NEW DELHI: Rajya Sabha member and Congress leader, Rasheed Masood, was on Tuesday sentenced to four years in jail by a Delhi court in a corruption case, becoming the first MP to lose his seat after a recent Supreme Court judgement had removed the immunity for convicted lawmakers.
67-year-old Masood, who attains the dubious distinction of being the first lawmaker to be disqualified after the July 10 Supreme Court judgement, was immediately taken into custody by the court.
Special CBI Judge JPS Malik handed down the jail term to Masood after holding him guilty of fraudulently nominating undeserving candidates to MBBS seats allotted to Tripura in medical colleges across the country from the central pool as health minister in the National Front government of 1990. The court also imposed costs of Rs 60,000 on Masood.
Masood’s conviction and sentencing is the first case after the Supreme Court judgement that struck down a provision in the Representation of the People Act, under which incumbent MPs and MLAs could avoid disqualification till pendency of the appeal against conviction in a higher court.
On Monday, a court in Ranchi convicted RJD chief Lalu Prasad and JD(U) leader Jagadish Sharma, both Lok Sabha members, in a fodder scam case. Their sentencing is scheduled for October 3 following which they also face disqualification.
Besides Masood, the court has awarded four-year jail term each to two other public servants, Gurdial Singh, a former IPS officer, and retired IAS official Amal Kumar Roy, the then secretary of Tripura Chief Minister Sudhir Ranjan Majumdar.
Masood was held guilty of offences under the Prevention of Corruption Act and IPC Sections 120-B(criminal conspiracy), 420 (cheating) and 468 (forgery). He, however, was acquitted of the charge under Section 471 IPC (using as genuine a forged document).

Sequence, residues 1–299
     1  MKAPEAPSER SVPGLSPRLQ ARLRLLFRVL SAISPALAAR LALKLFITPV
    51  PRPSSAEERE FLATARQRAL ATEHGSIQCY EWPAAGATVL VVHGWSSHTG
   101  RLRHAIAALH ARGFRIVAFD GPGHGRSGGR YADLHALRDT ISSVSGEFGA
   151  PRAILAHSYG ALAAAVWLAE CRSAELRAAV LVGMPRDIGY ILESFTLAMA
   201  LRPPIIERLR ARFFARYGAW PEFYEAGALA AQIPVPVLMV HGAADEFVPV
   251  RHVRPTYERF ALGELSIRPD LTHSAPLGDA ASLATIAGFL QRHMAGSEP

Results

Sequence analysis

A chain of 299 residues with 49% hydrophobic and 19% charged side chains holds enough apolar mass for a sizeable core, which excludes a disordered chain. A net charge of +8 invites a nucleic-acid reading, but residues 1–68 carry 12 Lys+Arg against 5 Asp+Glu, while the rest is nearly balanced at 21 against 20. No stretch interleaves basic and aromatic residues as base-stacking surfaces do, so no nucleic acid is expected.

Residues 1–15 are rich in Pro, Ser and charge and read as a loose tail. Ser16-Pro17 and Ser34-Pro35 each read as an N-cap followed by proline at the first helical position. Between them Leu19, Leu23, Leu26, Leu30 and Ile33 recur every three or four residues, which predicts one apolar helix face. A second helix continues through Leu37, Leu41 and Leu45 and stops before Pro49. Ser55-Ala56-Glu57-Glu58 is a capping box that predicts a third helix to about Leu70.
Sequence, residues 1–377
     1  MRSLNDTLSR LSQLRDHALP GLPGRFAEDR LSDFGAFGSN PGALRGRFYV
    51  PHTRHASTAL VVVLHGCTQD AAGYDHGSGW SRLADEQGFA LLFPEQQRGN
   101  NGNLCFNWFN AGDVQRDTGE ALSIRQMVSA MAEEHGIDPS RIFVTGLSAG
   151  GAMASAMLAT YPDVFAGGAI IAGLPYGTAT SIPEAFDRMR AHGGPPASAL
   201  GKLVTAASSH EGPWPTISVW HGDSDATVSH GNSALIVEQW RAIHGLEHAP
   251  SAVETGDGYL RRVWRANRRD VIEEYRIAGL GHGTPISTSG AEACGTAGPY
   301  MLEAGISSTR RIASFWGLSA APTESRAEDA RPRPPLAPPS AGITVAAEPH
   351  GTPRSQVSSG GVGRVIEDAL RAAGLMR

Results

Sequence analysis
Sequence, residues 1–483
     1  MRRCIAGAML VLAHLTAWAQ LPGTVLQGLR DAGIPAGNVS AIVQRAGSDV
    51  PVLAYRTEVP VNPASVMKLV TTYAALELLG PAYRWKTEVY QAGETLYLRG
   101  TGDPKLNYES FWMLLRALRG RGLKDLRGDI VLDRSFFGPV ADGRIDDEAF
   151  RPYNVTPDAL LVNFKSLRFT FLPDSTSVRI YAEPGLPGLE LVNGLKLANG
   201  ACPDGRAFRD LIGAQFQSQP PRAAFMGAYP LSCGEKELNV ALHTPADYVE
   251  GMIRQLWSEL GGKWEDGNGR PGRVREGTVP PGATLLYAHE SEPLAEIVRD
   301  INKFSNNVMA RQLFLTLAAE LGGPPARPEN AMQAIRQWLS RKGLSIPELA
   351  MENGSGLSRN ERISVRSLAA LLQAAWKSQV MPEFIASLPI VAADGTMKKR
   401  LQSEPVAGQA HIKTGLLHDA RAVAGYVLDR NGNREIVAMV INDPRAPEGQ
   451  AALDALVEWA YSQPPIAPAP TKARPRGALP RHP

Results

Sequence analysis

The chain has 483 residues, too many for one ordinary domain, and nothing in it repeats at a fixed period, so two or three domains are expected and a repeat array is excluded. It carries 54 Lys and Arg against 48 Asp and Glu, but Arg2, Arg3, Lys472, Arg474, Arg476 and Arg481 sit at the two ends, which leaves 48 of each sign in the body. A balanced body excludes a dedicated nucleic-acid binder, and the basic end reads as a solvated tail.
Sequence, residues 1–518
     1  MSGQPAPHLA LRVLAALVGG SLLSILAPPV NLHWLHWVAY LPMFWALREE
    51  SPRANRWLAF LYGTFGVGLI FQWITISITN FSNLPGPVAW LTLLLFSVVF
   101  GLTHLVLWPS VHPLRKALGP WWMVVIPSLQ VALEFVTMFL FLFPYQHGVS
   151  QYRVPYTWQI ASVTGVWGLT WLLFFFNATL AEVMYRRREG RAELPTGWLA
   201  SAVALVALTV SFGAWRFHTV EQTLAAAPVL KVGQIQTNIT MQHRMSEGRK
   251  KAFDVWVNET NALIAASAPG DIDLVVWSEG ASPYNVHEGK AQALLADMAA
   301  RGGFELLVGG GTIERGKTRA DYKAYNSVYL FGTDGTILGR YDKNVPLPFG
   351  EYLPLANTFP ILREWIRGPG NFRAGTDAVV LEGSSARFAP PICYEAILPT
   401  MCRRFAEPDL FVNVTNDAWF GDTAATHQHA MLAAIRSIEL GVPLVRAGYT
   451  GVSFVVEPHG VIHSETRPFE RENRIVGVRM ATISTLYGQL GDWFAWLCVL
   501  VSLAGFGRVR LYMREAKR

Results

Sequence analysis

The court, which has convicted nine students in the case, has also given one year imprisonment each to nine of them.
It also imposed a fine of Rs 1.5 lakh on Singh, Rs one lakh on Roy and Rs 40,000 each on the nine students.
Soon after the sentence was pronounced in the jam-packed room, the court ordered the custody of the convicts.
The nine students have moved their bail applications to enable them to file an appeal against their conviction and sentence before the superior court.
The nine students, who had fraudulently got admission in the medical colleges, were convicted for cheating. Two of them, including Masood’s nephew, were juvenile at the time of the offence and their case had been transferred to the Juvenile Justice Board on January 25, 2007.
The then Tripura Chief Minister Sudhir Ranjan Majumdar and the then Health Minister Kashi Ram Reang were also accused in the case. They passed away during the pendency of the trial.
During the arguments on sentence, the counsel for Masood sought benefit of probation, citing his long service to the nation and health reasons.
However, CBI prosecutor V N Ojha opposed his plea for probation, saying, “Rasheed Masood does not deserve anything less than seven years (in jail) and a hefty fine should be imposed because by nominating undeserving candidates including his own nephew, he had spoiled the career of meritorious students”.
The prosecutor also said Masood is a person who is a “lawmaker turned into a lawbreaker” even after taking oath to abide by the Constitution which says all are equal before the law.
“He and the other two public servants convicted in the case should be given maximum punishment as the students who suffered nearly two decades ago cannot be compensated for,” the prosecutor said.
Former IPS officer Gurdial Singh’s counsel said he is a senior citizen who even after retirement is associated with several social organisations to serve the society.
Convict Amal Kumar Roy’s lawyer too sought leniency for his client, citing his old age and health problems.
CBI, however, said both Singh and Roy were “law protectors but both turned into lawbreakers”.
Counsel for the nine students said their career will be spoiled if harsh punishment is given to them and their only mistake was that they took admission through these means.
Masood has been held guilty on same counts in two other similar cases. The three cases in which the Congress leader has been convicted form part of eleven such cases registered by CBI in 1996.